Everyone wants the best chance of having a dog that lives a long time with few vet bills. Your dog's genetics certainly contribute to their lifespan and overall health. However, whether crossbreed or pedigree dogs are healthier is truly a loaded question. Here's what you need to know if you want to adopt a healthy puppy or dog:
Pedigree Dogs And Genetic Health Issues
The Australian Cattle Dog is a hardy breed with few hereditary diseases.Some people feel that pedigree dogs are less healthy because each breed tends to have prevalent health issues. It really depends on the breed. Some are healthier than others. A study that collected data on over 27,000 crossbreed and pedigree dogs showed that pedigree dogs are more likely to develop inherited diseases.Labradors are prone to hip dysplasia, for example, but it is possible for breeders to screen for this condition and only breed dogs are unlikely to pass this condition to their puppies. Terriers such as the West Highland White are very prone to dermatitis, though this minor condition can typically be managed through diet and grooming.A dog's physical features can also make them more likely to suffer certain health problems. For example, the deep chest of giant breeds like Great Danes, Saint Bernards and Irish Wolfhounds make them more vulnerable to bloat. Brachycephalic, or, "flat faced" breeds like the Pug are prone to breathing issues due to their characteristically small windpipe, narrow nostrils and long soft palate.Crossbreed dogs do not typically have the extreme physical features that lead to health problems, but they can carry genes for illnesses commonly seen in pedigree dogs. For example, a Labrador mix still may develop hip dysplasia, and their uncertain origin means it's unlikely that their parents were ever screened for it. If you adopt a crossbreed puppy, you might not be able to predict what inherited illnesses they could get because you might not know anything about their breed contents.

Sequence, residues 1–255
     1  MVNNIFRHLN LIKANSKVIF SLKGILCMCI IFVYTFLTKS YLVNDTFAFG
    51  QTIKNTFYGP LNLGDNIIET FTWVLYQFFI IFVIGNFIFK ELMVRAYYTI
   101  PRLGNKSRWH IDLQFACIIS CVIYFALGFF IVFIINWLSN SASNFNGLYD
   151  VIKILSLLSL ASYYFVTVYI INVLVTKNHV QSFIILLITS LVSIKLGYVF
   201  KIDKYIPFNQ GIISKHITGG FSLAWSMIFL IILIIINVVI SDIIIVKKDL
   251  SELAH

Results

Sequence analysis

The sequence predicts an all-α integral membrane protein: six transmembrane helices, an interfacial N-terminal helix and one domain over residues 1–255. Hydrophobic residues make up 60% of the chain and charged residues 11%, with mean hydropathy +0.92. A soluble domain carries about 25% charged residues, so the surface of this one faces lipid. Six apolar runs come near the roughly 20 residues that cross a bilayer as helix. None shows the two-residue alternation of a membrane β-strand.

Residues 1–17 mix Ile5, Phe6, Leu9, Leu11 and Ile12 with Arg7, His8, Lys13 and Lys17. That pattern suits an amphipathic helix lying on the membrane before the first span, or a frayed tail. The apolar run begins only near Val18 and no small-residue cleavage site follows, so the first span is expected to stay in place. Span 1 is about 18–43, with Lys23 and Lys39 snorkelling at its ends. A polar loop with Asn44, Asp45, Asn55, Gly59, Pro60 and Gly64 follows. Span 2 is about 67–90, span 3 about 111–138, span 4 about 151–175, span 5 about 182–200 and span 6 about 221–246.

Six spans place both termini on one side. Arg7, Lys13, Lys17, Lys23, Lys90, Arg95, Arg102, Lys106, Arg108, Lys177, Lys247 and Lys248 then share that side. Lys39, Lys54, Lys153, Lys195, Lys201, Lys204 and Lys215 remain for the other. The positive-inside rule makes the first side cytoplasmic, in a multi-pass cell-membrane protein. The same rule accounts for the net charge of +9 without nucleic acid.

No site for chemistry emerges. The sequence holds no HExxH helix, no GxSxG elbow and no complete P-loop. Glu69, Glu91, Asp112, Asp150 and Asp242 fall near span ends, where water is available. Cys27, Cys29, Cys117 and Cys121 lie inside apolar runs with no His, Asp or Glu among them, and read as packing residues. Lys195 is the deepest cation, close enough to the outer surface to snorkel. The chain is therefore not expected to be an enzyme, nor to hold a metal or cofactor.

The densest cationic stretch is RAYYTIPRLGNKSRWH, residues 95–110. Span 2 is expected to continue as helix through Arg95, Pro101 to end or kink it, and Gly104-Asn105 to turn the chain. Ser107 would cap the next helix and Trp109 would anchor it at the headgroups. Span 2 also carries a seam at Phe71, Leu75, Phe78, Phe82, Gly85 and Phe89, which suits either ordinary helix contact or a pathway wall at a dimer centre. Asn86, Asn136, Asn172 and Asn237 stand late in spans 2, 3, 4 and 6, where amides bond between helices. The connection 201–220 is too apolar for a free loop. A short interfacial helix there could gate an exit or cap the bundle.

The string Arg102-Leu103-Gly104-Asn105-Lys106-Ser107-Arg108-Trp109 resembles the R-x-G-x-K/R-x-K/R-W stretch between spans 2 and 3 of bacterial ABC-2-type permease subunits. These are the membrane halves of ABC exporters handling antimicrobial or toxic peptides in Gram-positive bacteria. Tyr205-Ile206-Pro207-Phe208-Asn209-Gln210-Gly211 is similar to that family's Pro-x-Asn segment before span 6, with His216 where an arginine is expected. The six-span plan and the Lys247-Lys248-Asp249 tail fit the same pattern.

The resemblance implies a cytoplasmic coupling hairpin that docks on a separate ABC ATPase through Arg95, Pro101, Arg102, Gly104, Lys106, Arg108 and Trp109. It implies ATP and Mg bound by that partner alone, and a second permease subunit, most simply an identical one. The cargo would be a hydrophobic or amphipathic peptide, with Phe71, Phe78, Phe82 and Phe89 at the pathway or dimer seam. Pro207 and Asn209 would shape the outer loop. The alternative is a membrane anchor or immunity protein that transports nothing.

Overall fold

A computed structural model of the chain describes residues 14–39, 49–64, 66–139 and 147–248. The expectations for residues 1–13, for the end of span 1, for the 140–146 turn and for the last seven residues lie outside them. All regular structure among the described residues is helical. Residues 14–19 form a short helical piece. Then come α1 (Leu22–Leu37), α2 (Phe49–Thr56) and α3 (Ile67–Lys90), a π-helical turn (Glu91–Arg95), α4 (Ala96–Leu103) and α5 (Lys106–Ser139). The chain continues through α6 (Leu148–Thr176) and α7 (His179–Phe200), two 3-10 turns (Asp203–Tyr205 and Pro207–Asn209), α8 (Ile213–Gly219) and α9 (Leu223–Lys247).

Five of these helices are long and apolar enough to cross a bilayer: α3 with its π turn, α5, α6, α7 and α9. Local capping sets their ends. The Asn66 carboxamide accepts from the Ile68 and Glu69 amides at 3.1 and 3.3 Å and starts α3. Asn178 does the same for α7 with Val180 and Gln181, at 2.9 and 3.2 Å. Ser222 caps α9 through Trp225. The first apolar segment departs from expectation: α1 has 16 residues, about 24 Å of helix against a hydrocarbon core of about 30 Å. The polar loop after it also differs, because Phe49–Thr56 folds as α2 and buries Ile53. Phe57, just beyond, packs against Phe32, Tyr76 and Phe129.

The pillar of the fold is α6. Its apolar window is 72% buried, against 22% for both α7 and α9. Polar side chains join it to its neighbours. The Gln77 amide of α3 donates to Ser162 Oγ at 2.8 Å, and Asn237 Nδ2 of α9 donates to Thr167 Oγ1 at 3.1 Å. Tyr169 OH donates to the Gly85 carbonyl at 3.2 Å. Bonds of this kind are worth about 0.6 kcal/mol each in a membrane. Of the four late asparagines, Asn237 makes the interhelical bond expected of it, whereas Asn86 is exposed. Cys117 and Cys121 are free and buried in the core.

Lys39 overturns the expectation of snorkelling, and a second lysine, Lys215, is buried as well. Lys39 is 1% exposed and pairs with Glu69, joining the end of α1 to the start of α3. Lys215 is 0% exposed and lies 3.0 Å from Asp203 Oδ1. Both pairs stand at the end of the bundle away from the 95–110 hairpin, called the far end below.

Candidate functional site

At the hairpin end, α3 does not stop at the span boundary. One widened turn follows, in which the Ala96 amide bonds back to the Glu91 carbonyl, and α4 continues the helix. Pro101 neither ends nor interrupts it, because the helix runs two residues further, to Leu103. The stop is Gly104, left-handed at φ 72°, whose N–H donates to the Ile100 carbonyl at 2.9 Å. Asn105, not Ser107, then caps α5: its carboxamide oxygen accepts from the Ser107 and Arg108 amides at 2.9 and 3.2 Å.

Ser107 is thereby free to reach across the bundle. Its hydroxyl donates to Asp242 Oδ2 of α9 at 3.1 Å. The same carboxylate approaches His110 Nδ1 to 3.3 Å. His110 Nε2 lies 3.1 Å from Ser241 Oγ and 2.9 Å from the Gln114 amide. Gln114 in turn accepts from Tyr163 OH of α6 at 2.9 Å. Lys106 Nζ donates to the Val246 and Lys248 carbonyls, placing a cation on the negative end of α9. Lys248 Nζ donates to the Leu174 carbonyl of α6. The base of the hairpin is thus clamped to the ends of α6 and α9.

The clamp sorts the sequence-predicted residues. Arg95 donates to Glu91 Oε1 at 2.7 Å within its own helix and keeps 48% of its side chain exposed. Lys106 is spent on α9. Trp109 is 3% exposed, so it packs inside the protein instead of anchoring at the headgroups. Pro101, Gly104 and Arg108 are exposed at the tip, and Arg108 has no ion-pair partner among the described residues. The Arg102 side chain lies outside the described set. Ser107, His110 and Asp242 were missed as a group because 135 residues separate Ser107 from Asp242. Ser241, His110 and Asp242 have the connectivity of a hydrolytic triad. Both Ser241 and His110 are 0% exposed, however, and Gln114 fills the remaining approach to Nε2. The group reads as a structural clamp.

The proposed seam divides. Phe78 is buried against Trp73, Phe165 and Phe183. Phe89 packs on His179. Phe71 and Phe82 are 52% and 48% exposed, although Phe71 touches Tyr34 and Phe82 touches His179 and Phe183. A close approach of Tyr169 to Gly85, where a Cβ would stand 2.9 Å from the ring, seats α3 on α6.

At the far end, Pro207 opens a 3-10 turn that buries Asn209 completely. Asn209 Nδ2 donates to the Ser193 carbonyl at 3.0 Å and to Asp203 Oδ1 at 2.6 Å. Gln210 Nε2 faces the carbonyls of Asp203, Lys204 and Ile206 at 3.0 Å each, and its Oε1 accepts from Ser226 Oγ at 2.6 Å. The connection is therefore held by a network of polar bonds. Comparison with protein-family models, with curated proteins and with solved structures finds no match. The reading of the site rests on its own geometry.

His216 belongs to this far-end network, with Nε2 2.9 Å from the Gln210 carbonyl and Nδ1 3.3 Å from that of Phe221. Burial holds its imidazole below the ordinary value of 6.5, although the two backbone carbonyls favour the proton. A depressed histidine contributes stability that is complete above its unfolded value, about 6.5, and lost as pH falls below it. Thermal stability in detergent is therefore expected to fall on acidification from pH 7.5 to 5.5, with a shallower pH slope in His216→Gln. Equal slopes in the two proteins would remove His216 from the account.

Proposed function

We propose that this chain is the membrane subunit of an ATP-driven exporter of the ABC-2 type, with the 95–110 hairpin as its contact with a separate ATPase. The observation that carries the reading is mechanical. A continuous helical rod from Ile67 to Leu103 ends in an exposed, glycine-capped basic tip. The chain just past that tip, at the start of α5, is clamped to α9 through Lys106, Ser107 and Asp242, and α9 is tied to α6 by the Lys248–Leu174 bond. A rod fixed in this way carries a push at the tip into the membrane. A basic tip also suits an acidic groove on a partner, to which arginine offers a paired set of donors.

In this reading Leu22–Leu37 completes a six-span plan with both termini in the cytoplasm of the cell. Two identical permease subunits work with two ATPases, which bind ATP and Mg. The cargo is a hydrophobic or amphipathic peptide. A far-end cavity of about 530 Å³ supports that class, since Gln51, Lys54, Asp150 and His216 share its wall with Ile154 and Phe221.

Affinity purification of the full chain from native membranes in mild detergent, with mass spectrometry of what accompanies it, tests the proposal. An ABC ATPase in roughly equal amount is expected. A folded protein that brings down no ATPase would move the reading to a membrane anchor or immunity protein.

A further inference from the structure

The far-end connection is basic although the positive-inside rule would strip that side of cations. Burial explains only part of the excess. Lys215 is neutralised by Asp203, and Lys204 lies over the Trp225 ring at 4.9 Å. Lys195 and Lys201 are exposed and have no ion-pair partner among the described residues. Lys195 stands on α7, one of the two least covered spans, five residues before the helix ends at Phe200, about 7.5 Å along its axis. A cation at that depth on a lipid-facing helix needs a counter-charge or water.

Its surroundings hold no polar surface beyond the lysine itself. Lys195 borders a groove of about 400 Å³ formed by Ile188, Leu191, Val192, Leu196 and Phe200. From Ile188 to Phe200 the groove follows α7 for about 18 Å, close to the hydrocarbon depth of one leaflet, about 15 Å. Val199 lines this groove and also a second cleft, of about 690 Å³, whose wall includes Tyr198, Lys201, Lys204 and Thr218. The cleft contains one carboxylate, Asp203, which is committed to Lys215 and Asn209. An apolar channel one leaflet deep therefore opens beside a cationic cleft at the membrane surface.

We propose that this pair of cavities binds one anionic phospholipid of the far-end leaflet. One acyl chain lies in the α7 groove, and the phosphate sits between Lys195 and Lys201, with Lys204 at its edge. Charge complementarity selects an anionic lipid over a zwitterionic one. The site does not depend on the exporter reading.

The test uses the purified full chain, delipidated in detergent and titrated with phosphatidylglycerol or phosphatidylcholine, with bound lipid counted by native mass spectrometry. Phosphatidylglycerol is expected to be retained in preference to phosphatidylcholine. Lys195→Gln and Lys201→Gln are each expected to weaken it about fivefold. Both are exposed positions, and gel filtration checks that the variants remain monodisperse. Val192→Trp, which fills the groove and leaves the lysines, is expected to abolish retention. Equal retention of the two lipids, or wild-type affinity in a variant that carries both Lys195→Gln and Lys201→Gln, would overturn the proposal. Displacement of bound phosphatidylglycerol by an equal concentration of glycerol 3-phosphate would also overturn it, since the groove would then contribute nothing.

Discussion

Not All Breeders Are The Same[caption id="attachment_2233" align="alignnone" width="500"]
The Search For The Healthiest PuppyNew laws are being put into place to make sure that only rescue centres and reputable, licensed breeders can sell pedigree puppies. Puppies should be at least eight weeks old before going to their new home so they will be fully weaned, have learned to play gently with their siblings, and will have already received their first round of core vaccinations. You should only buy a puppy if you can meet its parents, and ask the breeder plenty of questions.Â Most good breeders raise just a few litters per year, typically inside their own homes. Their puppies are handled and socialized daily and are not exposed to infections or parasites.If you would not mind getting a crossbreed dog, you can adopt puppy or adult dog from a rescue centre. Your puppy will typically be vaccinated, dewormed and given a clean bill of health before going home with you. Puppies in rescue centres are sometimes exposed to contagious infections like kennel cough because of their close proximity with other dogs, though this is uncommon and rarely serious.
The Bottom LineThere's no straight answer to this question. No matter where you get your dog, you should be prepared for the possibility of unexpected health issues and accidents. Put together a savings fund and/or get a pet insurance plan so no matter what happens to your dog, you'll be able to afford the best treatment option. Feed your dog the best diet you can afford and make sure they get plenty of exercise. With that and a little luck, your dog can live beyond their breed's average life expectancy.